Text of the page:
Conquering the Antarctic – The People : Edward Wilson

 

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Our Conquering the Antarctic tour celebrates the achievements of Captain Scott, the most well-known of the five-man party that reached the South Pole a hundred years ago in 1912. As the inspirational leader of the team, his personal qualities, courage and charisma were reflected in his journals and letters, which provide a moving picture of the expedition that endures today.

But what of the other four men Scott selected to accompany him to the Pole? They were Wilson, Bowers, Evans and Oates. Over the next four days, we profile the other members of Scott’s team, beginning today with Dr Edward Wilson.

 

Edward Wilson

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Born in Cheltenham in 1872, Edward Wilson was an artist and naturalist, who first joined Captain Scott aboard the Discovery as Assistant Surgeon and Vertebrate Zoologist to the British National Antarctic Expedition (1901-1904). In 1910 he returned to the Antarctic with Scott aboard the Terra Nova as Chief of the Scientific Staff. He was devoted to the study of Antarctic specimens and highly skilled at watercolour painting, particularly at capturing the colours, wildlife and light of the Antarctic.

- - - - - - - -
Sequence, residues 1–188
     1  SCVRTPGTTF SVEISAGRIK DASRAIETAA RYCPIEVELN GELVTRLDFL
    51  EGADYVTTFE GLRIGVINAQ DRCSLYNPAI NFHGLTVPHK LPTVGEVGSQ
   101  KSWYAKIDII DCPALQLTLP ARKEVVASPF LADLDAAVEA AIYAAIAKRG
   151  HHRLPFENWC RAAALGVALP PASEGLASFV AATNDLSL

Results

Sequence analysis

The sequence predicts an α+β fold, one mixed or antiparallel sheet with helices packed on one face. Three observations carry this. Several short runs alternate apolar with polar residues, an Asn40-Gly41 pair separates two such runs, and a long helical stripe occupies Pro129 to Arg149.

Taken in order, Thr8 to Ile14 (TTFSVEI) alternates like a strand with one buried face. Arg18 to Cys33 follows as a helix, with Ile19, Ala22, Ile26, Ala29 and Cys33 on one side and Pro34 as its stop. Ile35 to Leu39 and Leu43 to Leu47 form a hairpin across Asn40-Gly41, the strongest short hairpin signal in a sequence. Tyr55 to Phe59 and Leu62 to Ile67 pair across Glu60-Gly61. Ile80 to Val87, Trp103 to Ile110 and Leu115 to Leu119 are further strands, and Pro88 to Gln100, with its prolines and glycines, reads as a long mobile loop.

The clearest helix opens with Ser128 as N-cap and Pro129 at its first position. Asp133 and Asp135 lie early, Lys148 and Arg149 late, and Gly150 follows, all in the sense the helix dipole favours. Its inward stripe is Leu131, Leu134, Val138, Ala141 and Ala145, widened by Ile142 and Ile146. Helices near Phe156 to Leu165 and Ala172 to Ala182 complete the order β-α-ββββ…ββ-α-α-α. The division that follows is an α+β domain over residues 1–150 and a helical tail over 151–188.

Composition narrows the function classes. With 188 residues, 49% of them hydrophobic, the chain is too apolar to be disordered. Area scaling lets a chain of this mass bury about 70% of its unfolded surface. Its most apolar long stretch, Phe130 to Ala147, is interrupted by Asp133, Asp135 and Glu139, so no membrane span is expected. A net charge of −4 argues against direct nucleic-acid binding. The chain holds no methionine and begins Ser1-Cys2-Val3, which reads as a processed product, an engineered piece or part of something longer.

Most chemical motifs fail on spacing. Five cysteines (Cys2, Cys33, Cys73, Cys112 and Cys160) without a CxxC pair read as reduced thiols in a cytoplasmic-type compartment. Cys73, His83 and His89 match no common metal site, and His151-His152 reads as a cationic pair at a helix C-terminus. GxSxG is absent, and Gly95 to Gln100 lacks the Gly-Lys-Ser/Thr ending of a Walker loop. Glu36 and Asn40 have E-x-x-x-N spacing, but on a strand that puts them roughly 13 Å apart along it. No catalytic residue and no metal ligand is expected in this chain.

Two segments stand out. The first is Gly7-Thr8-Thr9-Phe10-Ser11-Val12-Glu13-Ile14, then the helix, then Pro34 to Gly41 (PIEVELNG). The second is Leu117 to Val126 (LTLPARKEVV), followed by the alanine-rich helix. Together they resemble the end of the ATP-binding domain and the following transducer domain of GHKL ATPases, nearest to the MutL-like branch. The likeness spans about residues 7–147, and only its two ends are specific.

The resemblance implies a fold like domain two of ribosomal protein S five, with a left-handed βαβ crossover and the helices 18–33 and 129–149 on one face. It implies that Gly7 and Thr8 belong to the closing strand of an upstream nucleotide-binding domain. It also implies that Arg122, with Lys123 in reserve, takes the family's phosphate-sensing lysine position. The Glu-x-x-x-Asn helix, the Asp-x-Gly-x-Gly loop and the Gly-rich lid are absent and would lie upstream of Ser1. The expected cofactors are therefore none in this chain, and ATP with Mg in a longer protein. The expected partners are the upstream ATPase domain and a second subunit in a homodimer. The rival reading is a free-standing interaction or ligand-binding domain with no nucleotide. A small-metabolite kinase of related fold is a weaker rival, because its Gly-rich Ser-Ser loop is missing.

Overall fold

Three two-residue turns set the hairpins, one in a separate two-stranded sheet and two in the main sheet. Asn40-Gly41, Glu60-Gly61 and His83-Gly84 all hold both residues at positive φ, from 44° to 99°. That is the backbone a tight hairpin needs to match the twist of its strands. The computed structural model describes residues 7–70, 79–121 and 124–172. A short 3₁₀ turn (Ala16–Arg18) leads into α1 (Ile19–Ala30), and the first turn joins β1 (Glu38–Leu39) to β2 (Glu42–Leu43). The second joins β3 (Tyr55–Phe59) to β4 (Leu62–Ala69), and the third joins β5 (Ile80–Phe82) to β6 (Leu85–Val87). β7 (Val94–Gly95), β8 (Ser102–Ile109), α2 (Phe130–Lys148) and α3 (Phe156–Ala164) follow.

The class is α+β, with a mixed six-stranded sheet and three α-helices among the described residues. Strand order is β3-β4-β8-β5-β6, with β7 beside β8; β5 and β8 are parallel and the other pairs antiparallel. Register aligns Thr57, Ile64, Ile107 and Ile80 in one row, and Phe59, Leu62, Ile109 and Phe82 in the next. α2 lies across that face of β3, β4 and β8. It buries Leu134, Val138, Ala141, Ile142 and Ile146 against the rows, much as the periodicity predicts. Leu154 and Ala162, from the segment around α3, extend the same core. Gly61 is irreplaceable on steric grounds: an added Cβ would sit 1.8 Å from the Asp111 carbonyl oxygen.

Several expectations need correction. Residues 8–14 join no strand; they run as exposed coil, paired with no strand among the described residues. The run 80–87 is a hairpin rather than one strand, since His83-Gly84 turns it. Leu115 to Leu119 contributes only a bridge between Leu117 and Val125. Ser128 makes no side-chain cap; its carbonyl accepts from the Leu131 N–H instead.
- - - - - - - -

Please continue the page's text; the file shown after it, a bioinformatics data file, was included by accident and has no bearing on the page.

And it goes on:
‘Uncle Bill,’ as Wilson became known to the other explorers, was friendly and affectionate, and succeeded in mastering his temper thanks to a strong Christian faith. Scott selected him for the trek to the South Pole, which delighted him, and he continued his pursuit of scientific discovery even after the pole was reached, stopping with the rest of the team to collect 16kg of geological specimens.

Wilson’s is the last letter thought to have been written by any member of the polar party. Dated March 1912, the letter, written to his friend Reginald Smith, refers to his unfinished book about disease in grouse, his only regret at the time of his death. “We shall make a forlorn effort to reach the next depot but it means 22 miles and we are none of us fit to face it. I want to say how I have valued your friendship … I have no fear of death, only sorrow for my wife and for my dear people. Otherwise all is well. I should like to have seen the grouse book but it is not allowed to me. God’s will be done.” 

It is believed that Wilson died alongside Bowers and Scott in late March 1912. The three bodies were found in their tent by a rescue party the following November.

 

 

Conquering the Antarctic – the Scott Centenary Concert Tour

 A celebration in music, words and images

Stephen Layton, conductor
Robert Murray, tenor
Hugh Bonneville, narrator

3-8 February and 3 March 2012

 

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